That's actually a road - Canal Road. Looks to be a nice one!!
Maybe not. I backtracked and went a different route.
Once I got back on track and through a town my GPS told me to make a turn into what looked like a random field. I wasn't sure what I was getting myself into.
I ended on some awesome singletrack and through a city park. Was a highlight of the day!
The Lower Trent Trail was also a highlight. A great rail trail that didn't allow ATV traffic so I knew it would be in great shape and I could make up some time.
That photo was taken along the Hastings Trail which was riding on softball sized rocks. My mistake of trying to ride too many miles in a day was catching up to me. I was still 20 miles from my camp, the light was fading pretty fast and I wasn't in a great mood. When I was researching the route before I went up I knew the Trans Canada Trail was close to where I was. I also knew the northern half of the loop I still had to ride was going to be rough and meant two more 75 mile days. I made the decision to ride the Trans Canada back to the start which took off 50 miles and would be easier riding. Ended up being a smart decision. Had I done five days and been more strategic with where I stopped each day I could have easily done the whole loop but I overestimated the pace I felt I could travel with the bike and setup I had. Oh well - learned something for next time!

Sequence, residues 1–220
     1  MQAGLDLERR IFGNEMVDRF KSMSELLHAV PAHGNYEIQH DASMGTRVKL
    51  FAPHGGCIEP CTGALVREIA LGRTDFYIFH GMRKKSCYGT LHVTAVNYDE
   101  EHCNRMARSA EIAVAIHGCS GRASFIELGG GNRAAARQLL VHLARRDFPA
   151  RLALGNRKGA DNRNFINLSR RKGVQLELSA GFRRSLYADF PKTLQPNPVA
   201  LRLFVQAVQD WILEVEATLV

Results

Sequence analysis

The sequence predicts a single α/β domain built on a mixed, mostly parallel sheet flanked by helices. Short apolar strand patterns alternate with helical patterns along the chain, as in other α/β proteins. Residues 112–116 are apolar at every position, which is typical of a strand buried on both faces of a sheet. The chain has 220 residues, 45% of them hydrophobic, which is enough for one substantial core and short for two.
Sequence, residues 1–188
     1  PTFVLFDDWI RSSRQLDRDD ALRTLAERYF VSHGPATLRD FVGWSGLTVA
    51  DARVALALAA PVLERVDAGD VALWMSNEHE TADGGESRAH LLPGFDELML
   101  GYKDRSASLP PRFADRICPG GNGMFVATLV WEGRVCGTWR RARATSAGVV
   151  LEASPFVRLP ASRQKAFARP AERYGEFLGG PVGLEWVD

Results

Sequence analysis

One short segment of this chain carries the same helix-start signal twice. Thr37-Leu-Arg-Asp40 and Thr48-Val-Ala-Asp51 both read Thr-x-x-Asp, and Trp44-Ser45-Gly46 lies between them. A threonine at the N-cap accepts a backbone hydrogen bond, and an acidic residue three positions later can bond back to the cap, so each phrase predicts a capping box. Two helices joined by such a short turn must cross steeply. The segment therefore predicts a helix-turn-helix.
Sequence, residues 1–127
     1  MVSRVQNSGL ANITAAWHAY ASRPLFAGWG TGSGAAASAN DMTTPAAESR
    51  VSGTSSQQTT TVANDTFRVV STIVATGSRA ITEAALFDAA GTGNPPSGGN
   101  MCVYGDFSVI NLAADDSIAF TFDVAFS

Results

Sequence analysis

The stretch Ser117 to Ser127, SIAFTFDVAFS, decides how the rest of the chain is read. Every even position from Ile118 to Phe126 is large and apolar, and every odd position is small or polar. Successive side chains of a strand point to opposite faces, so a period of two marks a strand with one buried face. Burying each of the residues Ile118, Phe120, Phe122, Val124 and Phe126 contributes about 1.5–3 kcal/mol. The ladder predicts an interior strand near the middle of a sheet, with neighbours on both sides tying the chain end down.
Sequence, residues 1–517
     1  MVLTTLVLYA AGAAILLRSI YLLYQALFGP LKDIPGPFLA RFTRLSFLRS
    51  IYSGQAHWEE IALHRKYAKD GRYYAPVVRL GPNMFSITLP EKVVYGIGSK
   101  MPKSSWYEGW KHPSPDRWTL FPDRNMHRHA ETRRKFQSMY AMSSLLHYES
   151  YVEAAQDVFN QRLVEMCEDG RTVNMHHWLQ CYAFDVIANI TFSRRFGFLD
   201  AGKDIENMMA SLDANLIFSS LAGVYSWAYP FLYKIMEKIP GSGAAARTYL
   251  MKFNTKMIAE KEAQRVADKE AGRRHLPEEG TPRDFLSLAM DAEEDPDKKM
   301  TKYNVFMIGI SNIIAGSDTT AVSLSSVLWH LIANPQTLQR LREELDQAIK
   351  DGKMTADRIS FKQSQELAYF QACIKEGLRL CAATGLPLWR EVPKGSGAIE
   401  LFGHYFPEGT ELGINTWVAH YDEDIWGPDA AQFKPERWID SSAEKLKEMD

Start of day three was great. Smooth trail and through a lot of farmland. Reminded me a lot of home.
Day three ended in Peterborough which was a good sized town and had some great places to eat. Also had one of the best city campgrounds I've stayed in and since I was on a bike they only made me pay $10 instead of the normal $35 for a tent site.
The next day was smooth sailing back to the truck in Fenelon Falls. A bit of climbing took me to a long trestle that was an awesome view over the tree line.
Until next time!